In another embodiment of the present disclosure, the method 200 may further include filtering the flow of electrons to limit the flow to a predetermined energy range. Other embodiments of the electrostatic shutter are shown in FIGS. 4 and 5. The filtering can be electrostatic filtering, and a geometry of the gauge can be changed or modulated in order to further assist with filtering. The method 200 may also further include modulating a voltage of the electron source in response to pressure. In yet another embodiment, the method 200 may further include that a gauge geometry may also be modified to produce an electron current in response to a pressure.

Turning now to FIG. 3, in a further embodiment of the present disclosure. Here, the Bayard-Alpert ionization gauge 100 includes a second ion collector electrode 105′ in addition to the ion collector electrode 105. Here, the second ion collector electrode 105′ is positioned inside the anode grid 110 to assist in better ion collection. The ions, once created by electron impact ionization, tend to stay within the anode grid 110, while at higher pressures the ions also tend to stay outside the grid 100. The collector current is then amplified by the amplifier 160 and provided to an electrometer 175. The electrometer 175 provides an indication of the strength of the collector current that is calibrated in units of pressure.

Turning now to FIG. 4, there is shown an alternative embodiment of an ionization gauge 100 that has a cold electron source 122. The electrostatic shutter 120 of FIG. 1 is replaced with an annular electrostatic shutter generally shown as 120 a and 120 b which is located at the periphery of the opening of the envelope 125 a or end of cold electron source 122. One electrostatic shutter 120 is also envisioned with portions 120 a and 120 b, and the present disclosure is not limited to any specific number of shutters. The ionization gauge 112 also includes a cold electron source 122 that releases electrons into the ionization envelope 115. Again, the shutter 120 a, 120 b acts as a controlling grid to envelope 115; however, in this embodiment, electrons escape from the cold electron source 122 from a relatively low electrical potential region. This allows electron control in the envelope 115. FIG. 4 shows a configuration where electrons, from a low potential region, escape from the cold electron source 122 to the ionization volume 119. Preferably, the cold cathode/glow discharge gauge has the anode 125 at a high voltage which is connected to anode voltage source 130. Preferably, the anode 125 is housed in a cold cathode envelope 125 a which is connected to the ground. Cold cathode envelope 125 a preferably is a cylindrical shaped member with a circular cross section; however, the cold cathode envelope 125 a is not limited to this shape, and may have a different shape. Thus, electrons near the cathode envelope 125 a escape and are released into the ionization envelope 115. This allows only electrons, which are located near the cold cathode envelope 125 a to escape. This allows the energy spread of electrons to be controlled, and the ionization gauge 100 releases electrons at a relatively low potential into the ionization envelope 115.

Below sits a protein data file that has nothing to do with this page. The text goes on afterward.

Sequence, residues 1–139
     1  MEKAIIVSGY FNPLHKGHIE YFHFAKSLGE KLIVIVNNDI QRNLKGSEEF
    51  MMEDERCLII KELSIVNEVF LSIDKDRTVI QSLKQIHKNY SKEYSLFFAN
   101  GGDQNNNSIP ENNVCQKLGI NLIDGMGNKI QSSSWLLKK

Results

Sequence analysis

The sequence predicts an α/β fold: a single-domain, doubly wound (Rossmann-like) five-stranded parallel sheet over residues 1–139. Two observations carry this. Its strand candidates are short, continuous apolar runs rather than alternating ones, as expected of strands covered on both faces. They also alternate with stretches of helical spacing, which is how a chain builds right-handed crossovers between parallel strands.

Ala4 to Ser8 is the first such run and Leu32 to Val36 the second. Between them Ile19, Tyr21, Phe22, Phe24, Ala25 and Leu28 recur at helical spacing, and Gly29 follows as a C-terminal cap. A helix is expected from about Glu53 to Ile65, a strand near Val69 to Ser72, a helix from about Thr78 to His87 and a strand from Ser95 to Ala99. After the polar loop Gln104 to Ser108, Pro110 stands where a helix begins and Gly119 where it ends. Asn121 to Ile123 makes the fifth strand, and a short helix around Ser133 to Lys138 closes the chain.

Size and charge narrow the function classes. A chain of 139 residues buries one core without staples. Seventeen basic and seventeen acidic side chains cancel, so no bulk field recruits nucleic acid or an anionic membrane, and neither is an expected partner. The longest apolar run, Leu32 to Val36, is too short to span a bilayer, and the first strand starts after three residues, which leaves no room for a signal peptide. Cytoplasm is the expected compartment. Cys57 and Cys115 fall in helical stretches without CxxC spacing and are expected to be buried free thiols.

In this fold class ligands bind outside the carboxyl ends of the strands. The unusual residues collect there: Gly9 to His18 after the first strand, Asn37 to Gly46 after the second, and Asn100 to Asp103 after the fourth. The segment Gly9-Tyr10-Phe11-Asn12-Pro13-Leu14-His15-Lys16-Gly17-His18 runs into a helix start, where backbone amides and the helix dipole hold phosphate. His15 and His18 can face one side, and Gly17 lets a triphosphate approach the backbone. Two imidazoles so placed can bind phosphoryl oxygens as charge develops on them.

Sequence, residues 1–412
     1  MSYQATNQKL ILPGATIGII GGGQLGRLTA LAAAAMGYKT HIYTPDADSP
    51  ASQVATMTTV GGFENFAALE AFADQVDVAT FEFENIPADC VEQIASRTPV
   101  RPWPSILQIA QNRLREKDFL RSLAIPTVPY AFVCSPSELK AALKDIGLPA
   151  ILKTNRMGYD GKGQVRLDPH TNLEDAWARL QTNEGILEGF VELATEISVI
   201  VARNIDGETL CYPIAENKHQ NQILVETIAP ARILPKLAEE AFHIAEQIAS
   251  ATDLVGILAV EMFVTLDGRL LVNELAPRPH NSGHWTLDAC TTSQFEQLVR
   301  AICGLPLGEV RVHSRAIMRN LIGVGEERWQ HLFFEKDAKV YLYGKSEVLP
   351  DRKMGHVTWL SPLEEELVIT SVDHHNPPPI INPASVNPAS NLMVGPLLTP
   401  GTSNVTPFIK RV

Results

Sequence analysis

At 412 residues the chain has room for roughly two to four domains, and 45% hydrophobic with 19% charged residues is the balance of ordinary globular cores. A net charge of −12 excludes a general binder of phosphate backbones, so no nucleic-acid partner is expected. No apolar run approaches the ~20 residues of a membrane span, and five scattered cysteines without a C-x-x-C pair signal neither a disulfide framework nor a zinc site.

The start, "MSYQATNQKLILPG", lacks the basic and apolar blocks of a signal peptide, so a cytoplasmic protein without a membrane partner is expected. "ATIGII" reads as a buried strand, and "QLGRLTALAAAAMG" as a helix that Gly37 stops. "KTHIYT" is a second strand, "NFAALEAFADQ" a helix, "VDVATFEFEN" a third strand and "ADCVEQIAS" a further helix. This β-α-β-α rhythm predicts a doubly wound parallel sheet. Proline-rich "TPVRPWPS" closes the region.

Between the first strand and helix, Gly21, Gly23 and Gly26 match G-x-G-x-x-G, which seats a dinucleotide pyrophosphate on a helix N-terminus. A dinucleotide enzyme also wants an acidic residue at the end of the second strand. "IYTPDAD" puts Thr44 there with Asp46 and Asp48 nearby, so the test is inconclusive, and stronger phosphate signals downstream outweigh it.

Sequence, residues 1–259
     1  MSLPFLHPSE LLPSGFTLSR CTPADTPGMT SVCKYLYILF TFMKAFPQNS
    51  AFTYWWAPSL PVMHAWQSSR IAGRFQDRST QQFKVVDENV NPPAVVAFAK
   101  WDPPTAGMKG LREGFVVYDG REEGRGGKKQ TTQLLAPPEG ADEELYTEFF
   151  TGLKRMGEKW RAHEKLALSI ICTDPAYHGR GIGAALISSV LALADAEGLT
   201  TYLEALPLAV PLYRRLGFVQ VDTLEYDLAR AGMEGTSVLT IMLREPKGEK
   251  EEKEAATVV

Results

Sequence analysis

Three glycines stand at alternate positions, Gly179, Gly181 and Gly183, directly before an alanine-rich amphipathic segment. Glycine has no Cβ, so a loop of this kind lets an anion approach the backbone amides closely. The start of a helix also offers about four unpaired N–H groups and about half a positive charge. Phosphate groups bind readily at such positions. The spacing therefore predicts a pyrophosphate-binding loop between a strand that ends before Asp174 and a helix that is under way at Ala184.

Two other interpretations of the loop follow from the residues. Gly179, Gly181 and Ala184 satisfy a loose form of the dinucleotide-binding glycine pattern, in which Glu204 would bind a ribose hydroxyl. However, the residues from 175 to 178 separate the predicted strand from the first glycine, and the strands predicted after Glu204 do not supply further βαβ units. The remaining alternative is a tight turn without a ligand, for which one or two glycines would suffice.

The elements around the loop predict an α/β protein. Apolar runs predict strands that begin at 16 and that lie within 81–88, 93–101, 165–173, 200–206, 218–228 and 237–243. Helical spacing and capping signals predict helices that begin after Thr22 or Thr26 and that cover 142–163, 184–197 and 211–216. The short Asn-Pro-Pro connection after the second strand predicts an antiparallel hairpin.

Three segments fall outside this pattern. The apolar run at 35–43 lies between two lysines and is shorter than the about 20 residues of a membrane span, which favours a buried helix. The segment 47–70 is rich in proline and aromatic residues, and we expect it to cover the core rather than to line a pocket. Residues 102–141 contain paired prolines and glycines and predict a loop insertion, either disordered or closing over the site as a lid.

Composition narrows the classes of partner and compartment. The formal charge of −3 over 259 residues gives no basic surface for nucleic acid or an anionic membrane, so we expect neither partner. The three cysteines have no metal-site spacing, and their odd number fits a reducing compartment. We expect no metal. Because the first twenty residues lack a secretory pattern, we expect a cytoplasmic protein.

Turning to FIG. 5, there is shown yet another embodiment of the present ionization gauge 100. In this embodiment, electrons near the anode 125 escape and enter the ionization volume 119. In this embodiment, the center anode 125 of the cold electron source 122 is connected to ground, while the cold cathode envelope 125 a is operated at a negative, high voltage value, and is connected to anode voltage source 130. This permits electrons to escape from the cold electron source 122 at a low energy to control the energy spread of electrons by the value of the anode voltage source 130, and by using an electrostatic shutter 120.

While this invention has been particularly shown and described with references to preferred embodiments thereof, it will be understood by those skilled in the art that various changes in form and details may be made therein without departing from the scope of the invention encompassed by the appended claims.

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Referenced by
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US8169223 *Apr 30, 2009May 1, 2012Tsinghua UniversityIonization vacuum gauge
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Classifications
U.S. Classification324/460, 250/397, 315/111.91
International ClassificationG01L21/30, G01L21/32, H05B31/26
Cooperative ClassificationG01L21/34
European ClassificationG01L21/34
Legal Events
DateCodeEventDescription
Jan 27, 2014FPAYFee payment
Year of fee payment: 4
Jan 3, 2008ASAssignment
Owner name: BROOKS AUTOMATION, INC., MASSACHUSETTS
Free format text: ASSIGNMENT OF ASSIGNORS INTEREST;ASSIGNORS:KNOTT, RICHARD A.;BRUCKER, GERARDO A.;ARNOLD, PAUL C.;REEL/FRAME:020324/0197
Effective date: 20070815